Week 2: One week after the initial visit, subjects will return to the GCRC for re-evaluation of the pumping technique and the first dose of medication. Subjects will pump for 10 minutes at each breast as on day 1 and prolactin levels will be obtained every 10 minutes for 60 minutes, then every 30 minutes for a total of 3 hours. At 3 hours, r-hPRL 60 mg/kg or placebo will be administered SC. Blood will be drawn every 10 minutes for 60 minutes, every 30 minutes for 2 hours, then at 4, 6 and 8 hours to obtain a peak prolactin level. Vital signs will be monitored every 15 minutes for the first hour, then every 2 hours for a total of 8 hours. Subjects will pump both breasts every 3 hours, starting after the r-hPRL or placebo injection. Subjects will be taught to give themselves SC injections and will administer their second dose of SC r-hPRL or placebo 12 hours after the first dose. Subjects will continue SC r-hPRL or placebo administration every 12 hours for the next 14 days. They will continue to pump daily, approximately every 3 hours, with a 5 hour break in the night to sleep. Subjects will be asked to refrigerate all milk and bring it in to GCRC visits for prolactin levels.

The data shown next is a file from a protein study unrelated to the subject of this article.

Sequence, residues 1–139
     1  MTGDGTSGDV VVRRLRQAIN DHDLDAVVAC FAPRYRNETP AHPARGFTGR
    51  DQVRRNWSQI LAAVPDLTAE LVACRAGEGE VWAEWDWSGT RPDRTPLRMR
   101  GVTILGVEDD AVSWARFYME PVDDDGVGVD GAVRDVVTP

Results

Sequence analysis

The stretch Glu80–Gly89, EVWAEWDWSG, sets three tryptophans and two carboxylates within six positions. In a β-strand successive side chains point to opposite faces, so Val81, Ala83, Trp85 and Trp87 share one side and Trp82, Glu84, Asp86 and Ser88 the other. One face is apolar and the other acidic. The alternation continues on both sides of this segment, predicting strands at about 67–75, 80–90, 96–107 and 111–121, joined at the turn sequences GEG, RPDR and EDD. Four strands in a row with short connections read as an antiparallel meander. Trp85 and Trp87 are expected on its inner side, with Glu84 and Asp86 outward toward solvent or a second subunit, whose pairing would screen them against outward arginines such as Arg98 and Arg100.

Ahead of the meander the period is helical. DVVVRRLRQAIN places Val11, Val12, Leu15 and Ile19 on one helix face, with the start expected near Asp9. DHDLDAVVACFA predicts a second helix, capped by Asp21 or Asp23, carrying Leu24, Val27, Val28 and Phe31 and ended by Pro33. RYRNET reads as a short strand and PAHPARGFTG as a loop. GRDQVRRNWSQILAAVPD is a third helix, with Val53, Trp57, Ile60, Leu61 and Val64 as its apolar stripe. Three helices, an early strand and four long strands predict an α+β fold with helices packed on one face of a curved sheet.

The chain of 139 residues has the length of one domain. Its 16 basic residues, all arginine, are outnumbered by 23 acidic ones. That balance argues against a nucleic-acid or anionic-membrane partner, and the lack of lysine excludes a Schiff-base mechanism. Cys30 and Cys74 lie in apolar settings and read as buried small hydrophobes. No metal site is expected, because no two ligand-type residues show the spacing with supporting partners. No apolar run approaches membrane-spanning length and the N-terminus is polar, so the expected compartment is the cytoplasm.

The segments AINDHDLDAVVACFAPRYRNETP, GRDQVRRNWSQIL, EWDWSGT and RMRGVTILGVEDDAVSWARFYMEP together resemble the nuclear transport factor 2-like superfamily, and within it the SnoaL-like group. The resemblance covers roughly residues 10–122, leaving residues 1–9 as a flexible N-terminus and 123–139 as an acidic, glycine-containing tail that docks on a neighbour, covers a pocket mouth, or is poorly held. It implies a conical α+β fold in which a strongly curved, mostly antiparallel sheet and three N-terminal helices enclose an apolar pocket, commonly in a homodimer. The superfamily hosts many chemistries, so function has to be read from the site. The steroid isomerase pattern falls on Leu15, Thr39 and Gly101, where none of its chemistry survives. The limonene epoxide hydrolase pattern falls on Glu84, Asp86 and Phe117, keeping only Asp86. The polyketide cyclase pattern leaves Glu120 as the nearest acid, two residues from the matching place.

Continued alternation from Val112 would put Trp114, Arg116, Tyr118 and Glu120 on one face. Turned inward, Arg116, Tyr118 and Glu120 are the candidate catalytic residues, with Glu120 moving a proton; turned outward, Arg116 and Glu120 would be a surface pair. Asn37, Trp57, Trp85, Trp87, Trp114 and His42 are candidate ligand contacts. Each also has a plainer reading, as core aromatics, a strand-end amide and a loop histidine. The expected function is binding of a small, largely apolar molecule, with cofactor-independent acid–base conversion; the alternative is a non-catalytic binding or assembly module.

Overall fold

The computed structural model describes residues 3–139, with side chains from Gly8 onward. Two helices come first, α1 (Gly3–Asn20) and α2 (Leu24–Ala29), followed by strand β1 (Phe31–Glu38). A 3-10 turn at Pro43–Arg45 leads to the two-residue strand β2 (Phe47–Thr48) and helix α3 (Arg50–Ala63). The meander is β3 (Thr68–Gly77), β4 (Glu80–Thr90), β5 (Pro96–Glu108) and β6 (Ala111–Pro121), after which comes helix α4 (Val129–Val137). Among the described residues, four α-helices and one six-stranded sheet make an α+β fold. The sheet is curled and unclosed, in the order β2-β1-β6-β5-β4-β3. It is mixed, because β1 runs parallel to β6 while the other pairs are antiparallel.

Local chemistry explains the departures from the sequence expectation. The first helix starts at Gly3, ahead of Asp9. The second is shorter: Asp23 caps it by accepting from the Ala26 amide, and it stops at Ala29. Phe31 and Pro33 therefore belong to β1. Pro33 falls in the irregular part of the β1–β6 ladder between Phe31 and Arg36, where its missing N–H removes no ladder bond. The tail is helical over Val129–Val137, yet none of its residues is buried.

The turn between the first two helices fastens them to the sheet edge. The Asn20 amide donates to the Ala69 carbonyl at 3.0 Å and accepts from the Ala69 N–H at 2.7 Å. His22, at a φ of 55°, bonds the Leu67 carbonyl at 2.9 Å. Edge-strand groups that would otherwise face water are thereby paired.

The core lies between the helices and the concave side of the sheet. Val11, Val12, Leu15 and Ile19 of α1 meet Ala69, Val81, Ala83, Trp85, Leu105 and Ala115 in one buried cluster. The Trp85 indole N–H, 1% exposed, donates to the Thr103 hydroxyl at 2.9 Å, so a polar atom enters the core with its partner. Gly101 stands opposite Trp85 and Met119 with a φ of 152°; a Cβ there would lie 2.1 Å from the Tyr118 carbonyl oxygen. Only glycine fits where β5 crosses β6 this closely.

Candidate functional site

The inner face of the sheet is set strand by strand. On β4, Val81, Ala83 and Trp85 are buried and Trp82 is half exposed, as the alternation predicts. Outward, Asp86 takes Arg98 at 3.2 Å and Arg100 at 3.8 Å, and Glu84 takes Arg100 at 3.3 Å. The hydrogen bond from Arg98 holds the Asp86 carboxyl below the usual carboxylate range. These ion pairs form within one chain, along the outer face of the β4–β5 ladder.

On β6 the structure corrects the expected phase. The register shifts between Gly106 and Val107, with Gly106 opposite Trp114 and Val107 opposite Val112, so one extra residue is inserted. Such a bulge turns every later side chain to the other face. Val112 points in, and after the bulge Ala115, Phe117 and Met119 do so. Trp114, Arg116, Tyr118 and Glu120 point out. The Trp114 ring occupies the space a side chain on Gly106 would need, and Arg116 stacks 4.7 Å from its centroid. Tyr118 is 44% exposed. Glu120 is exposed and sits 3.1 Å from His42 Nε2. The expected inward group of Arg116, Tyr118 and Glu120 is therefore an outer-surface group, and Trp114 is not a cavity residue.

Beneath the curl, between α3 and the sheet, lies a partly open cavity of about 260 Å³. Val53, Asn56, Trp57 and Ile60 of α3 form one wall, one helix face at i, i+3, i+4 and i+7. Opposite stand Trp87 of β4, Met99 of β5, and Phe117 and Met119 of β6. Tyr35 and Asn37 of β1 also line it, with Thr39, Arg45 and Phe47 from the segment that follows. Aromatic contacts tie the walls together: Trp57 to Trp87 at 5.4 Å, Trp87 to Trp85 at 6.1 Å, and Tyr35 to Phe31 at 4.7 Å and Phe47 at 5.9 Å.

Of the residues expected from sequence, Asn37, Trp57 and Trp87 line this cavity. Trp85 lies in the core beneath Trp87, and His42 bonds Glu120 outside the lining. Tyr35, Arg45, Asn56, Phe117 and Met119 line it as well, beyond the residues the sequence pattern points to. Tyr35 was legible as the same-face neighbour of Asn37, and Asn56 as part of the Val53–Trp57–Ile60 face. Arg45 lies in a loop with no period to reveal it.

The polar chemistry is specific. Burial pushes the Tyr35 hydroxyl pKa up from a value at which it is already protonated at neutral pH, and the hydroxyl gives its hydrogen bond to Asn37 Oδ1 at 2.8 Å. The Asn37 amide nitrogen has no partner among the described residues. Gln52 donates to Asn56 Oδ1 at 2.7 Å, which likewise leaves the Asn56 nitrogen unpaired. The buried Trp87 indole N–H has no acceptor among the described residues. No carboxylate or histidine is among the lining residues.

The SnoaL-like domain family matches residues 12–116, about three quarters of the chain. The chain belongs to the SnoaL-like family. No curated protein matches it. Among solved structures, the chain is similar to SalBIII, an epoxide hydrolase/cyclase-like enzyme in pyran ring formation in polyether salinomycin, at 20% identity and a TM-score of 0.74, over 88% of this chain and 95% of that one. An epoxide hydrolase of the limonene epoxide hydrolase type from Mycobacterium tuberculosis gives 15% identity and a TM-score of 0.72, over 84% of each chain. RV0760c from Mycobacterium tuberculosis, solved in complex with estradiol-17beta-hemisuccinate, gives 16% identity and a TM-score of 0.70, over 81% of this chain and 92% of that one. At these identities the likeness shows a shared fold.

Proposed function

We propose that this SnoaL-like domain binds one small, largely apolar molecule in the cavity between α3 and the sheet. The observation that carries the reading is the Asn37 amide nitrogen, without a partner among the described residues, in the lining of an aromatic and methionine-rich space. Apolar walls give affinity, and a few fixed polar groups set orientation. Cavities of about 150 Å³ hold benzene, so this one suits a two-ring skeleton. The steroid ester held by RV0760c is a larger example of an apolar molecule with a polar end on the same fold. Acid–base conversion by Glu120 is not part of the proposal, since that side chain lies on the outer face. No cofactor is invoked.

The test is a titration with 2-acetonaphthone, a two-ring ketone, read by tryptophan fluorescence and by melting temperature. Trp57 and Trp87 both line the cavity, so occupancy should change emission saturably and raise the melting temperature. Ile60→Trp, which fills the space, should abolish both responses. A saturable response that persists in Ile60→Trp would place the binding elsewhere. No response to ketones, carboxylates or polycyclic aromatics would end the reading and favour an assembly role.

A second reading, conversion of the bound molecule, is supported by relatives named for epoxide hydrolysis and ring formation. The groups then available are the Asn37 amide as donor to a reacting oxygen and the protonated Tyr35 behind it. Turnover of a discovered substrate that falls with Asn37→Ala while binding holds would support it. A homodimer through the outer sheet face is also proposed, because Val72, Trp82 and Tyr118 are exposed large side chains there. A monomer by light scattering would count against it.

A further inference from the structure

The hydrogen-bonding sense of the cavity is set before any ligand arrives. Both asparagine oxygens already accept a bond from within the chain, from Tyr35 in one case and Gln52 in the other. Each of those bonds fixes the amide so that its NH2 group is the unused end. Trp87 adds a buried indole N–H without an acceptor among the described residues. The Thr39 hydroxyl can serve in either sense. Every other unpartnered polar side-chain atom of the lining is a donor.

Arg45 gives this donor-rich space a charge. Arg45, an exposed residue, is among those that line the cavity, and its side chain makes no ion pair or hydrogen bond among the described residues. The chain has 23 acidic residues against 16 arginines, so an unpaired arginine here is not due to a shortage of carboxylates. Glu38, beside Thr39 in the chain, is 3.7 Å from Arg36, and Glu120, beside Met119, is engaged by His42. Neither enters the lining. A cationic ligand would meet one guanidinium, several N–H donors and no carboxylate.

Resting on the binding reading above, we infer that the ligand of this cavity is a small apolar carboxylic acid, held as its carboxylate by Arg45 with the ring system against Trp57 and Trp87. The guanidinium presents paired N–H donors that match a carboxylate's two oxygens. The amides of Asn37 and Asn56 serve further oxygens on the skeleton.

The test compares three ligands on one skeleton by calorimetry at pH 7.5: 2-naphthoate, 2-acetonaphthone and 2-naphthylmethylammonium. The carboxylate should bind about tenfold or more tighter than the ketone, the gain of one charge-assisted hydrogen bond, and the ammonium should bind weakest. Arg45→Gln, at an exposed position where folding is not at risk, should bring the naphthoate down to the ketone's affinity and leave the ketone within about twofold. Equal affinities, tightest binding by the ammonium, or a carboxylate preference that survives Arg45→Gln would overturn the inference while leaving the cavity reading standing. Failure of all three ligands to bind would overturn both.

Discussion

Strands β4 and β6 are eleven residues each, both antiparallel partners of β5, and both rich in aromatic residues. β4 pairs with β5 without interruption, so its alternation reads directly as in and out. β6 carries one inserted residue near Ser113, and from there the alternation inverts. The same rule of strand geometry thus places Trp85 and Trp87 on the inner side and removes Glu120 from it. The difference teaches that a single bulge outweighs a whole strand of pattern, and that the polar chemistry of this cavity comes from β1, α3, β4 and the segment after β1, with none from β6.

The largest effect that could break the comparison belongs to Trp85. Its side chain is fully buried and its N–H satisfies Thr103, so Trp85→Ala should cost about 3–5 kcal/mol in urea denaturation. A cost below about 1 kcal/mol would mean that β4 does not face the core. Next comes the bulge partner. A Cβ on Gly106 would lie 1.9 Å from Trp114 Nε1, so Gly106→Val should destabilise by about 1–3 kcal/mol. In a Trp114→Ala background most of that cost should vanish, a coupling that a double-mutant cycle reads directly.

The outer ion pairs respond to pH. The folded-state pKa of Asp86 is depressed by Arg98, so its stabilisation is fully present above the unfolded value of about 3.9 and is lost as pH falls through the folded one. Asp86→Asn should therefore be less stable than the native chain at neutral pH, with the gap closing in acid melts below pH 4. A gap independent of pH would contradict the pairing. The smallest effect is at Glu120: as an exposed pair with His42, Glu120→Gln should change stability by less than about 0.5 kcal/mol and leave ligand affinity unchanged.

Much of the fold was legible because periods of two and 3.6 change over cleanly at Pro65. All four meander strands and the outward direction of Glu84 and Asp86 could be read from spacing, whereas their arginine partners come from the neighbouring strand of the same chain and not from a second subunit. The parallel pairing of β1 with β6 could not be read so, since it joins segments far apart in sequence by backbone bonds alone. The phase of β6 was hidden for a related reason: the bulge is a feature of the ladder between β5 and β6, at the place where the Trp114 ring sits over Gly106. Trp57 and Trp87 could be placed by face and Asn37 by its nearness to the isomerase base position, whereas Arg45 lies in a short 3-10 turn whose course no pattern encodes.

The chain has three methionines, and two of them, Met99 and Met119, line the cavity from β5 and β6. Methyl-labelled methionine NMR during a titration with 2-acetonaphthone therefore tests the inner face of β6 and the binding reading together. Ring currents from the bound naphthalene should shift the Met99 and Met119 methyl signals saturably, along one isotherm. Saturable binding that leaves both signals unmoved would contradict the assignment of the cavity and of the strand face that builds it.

Subjects will return weekly for 4 additional visits (weeks 3, 4, 5, 6). At the weekly visits, blood will be drawn at baseline for a prolactin level and r-hPRL or placebo will be administered. Blood will then be drawn every 10 minutes for 60 minutes, then every 30 minutes for 2 hours, then every 2 hours for a total of 8 hours after the injection. Vital signs will be monitored as described above. At the week 4 visit, subjects will be switched to the alternate treatment for weeks 4 and 5. Subjects will be seen 14 days after their final injection. A baseline prolactin level will be drawn, then milk will be pumped, as previously. Blood will be drawn every 10 minutes for 60 minutes, then every 30 minutes for a total of 3 hours. A 1 cc sample of the milk will also be obtained 14 days after the final injection for analysis of composition. All side effects of r-hPRL will be recorded throughout the study. All milk obtained during the study will be stored and the milk composition will be determined before it is used. Infants receiving milk produced during the study will initially be monitored in the GCRC under the supervision of a neonatologist.